So that’s my Summer so far. A lot of work, one evil codfish, and a slow slow planet in my sky. Not too bad. I’ve known worse.

I'll keep you posted.

Let Me Smell Your Bum

This morning’s walk to work had a sort of a ‘Baby’ theme to it.

But only in my own head.

First off, I saw a friend in the distance who will have her first baby soon. I gave her a wave but she didn’t see me. Then I thought a bit about how people use the word ‘baby’ like it is a cutie-pie thing, particularly people in advertising, and how that seems to annoy me a bit. Then, as I was mulling over that little conundrum and crossing the car park simultaneously, I saw a woman taking her child out of her car, presumably to go to the supermarket to do some shopping. There was another older woman too and my assumption was this this was the Mum’s own Mum. The Granny, if you will.

The Mum, not the Mum’s Mum, then proceeded to do that thing that Mums effortlessly do.

I heard her say, “I just need to check her before we go in,” and, with that, she flipped the baby almost upside down and sniffed her nappy region. 

“No,” she said to the Mum’s Mum, “she’s okay,” and off they went towards the shop.

It reminded me of the first moment I saw that routine in action and how shocked and appalled I was at that time. My brother and his wife had recently had their first kid and it was a first kid for all of us. First nephew, first grandson, all of those things. I don’t know what age the baby was when I came home from London to visit but that’s when I first caught the nappy routine. My sister in law, in the middle of a regular conversation, had a noticeable nose-twitch. She grabbed the baby, flipped it a bit, and inhaled deeply of the nappy, nose buried right in there. Whatever she detected there indicated fairly clearly that a nappy change was in order. This was all horrible enough in itself, and totally alien to me, but it was made infinitely worse by her declaiming the immortal words, “Let me smell your bum,” just before she did it.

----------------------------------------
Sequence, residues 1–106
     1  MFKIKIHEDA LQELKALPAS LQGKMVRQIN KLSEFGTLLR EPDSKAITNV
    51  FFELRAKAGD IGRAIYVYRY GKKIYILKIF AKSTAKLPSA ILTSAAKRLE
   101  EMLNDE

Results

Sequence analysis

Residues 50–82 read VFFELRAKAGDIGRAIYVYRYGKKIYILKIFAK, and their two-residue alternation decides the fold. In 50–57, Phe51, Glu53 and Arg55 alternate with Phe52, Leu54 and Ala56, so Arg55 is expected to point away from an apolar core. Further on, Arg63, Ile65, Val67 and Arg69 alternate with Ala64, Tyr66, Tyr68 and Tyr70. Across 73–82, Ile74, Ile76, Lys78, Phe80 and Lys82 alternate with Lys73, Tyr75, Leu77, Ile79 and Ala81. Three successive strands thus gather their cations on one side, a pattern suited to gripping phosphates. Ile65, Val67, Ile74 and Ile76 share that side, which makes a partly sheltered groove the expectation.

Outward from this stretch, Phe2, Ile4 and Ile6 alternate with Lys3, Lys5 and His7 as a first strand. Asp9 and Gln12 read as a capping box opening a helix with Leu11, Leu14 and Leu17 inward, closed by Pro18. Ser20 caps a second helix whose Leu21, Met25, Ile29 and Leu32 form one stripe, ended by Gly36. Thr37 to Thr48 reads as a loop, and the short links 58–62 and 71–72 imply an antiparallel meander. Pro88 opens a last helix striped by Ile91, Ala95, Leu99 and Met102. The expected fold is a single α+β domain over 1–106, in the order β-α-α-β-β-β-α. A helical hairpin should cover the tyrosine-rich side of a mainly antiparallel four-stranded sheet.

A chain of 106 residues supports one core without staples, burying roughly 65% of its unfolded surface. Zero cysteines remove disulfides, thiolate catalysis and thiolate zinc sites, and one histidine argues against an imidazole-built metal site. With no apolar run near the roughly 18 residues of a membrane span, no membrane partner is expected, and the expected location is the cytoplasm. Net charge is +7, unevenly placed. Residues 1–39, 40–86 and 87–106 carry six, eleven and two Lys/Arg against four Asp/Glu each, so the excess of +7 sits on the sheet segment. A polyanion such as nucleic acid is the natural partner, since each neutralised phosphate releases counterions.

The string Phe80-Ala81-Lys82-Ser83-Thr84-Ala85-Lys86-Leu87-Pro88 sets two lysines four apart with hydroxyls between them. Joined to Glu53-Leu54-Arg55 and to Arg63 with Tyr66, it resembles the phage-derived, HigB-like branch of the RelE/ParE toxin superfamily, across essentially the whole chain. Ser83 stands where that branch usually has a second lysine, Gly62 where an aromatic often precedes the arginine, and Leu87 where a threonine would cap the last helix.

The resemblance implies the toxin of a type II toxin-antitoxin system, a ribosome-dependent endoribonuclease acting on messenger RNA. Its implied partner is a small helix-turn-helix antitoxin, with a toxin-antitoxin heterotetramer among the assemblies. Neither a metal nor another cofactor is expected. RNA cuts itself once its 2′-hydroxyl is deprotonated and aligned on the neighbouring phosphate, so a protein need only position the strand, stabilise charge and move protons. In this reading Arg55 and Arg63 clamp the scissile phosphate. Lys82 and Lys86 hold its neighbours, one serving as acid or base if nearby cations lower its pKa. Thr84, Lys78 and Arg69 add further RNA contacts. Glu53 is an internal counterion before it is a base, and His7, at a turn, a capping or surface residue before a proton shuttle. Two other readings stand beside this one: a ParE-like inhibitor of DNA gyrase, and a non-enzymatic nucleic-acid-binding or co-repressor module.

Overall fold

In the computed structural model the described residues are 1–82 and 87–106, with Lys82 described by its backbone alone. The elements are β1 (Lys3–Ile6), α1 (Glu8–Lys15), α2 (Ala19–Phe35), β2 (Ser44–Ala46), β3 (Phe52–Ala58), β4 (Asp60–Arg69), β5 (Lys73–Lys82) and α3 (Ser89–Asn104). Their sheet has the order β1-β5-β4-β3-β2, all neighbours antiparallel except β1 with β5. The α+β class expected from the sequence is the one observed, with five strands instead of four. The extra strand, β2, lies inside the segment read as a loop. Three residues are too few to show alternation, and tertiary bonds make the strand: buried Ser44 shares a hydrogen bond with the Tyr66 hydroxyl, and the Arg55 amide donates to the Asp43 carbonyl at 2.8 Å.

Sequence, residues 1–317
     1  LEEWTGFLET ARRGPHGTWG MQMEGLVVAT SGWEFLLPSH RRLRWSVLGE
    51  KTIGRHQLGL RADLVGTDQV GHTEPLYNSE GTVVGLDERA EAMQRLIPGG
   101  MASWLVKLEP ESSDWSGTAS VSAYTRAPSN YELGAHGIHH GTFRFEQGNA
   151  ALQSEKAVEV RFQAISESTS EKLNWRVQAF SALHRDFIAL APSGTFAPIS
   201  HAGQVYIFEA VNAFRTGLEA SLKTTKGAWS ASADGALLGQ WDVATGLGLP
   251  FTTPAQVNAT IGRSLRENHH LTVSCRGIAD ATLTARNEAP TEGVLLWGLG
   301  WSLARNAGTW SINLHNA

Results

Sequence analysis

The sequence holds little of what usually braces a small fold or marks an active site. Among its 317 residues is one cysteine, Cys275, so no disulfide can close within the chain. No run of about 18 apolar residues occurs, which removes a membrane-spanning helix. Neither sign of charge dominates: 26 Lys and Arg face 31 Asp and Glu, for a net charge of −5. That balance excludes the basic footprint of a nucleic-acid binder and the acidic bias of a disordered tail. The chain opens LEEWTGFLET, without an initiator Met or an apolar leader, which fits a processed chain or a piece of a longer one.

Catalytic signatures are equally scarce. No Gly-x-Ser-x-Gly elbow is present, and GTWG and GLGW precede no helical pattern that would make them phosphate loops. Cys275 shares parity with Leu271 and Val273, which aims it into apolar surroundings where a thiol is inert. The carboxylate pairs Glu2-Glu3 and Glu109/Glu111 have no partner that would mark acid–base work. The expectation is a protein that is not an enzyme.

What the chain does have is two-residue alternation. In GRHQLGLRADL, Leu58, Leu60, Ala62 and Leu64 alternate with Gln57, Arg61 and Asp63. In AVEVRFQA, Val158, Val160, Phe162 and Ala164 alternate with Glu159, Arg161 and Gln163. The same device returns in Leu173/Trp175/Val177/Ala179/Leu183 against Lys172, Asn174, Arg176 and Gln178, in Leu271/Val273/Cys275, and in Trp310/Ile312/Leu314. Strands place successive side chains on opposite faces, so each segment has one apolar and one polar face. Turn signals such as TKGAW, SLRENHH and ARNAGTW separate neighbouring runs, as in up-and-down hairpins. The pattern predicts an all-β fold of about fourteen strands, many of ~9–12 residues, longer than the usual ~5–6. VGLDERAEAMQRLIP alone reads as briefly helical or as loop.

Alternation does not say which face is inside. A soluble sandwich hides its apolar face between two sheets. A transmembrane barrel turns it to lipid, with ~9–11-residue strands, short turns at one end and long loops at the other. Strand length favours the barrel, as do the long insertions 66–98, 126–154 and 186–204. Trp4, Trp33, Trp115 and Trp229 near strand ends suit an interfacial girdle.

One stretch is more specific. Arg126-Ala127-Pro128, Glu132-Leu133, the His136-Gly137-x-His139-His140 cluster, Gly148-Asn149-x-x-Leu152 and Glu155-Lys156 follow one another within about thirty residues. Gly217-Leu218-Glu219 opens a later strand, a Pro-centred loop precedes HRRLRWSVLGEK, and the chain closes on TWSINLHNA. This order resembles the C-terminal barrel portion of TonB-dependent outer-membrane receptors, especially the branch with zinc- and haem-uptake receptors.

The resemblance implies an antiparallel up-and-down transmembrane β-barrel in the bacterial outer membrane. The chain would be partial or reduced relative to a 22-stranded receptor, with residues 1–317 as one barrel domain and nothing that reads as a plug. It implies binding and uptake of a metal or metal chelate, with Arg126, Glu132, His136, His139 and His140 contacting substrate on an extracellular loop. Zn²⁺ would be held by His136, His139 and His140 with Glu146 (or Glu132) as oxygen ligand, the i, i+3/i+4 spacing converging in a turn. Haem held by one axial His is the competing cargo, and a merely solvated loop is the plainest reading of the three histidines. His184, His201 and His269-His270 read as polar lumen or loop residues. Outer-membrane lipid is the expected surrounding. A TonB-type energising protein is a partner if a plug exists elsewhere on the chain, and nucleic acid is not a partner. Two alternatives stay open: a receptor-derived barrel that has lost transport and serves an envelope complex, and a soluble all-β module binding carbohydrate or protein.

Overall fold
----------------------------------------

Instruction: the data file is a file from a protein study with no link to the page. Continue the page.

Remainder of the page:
“Let me smell your bum.”

What planet was this that I had temporarily landed on? What reduction in personal liberty and self-esteem could bring a previously composed and totally together person to the point of smelling bums effortlessly in public and, more than that, loudly declaring to the world a clear intent to do so?

Of course I eventually had to learn this the hard way and learn it I did. While I don’t think I ever got to a cheerful declaration of impending arse-inhaling activity, I too became a parent (twice over) and I too discovered, soon enough, that you couldn’t go around changing expensive nappies on instinct, routine, or timing alone. There had to be the olfactory element. 

Bums had to be sniffed.

It’s a microcosm of the whole baby business, this bum sniffing thing. At least I think it is.

When we become parents, we have to learn stuff. Just when we thought we had learned all the stuff there was to know.

As parents we have to cheerfully do things we thought we could never-ever do.

As parents, we embrace… we just embrace stuff.

This doesn’t go directly to explaining why the eternal commercial sing-song pandering of the word ‘baby’ annoys my own arse. Or maybe it does a little bit. It’s late now and I’m not entirely sure of anything anymore.

What I do know – what I think I know – is that the woman I know who is about to have her first baby is not just about to have a baby. It is so much more than that. You don’t just have a baby and then go on to do something else afterward. She is starting a family and, once started, a family doesn’t ever stop.

Doesn’t ever stop.

It changes your life forever. Long after the 'baby-gro's and the soft toys and the bum sniffing have all gone.

My children are grown now. There are no more babies bums to smell. But the thing that started with those babies, well, it continues. That amazing adventure. The pride, the worry, the anxiety, the fear, the pride – did I say pride – well I’ll say it again. The pride.

That’s it, I think. You don’t just have a baby, a cute wriggly baby to have and to hold until it’s not a baby anymore. You don’t just smell its bum and then somehow move on to something else.

It’s not the beginning of something small and cute and finite, as the commercial world might have us believe.

It’s the start of something very very big.

Something that doesn’t ever stop.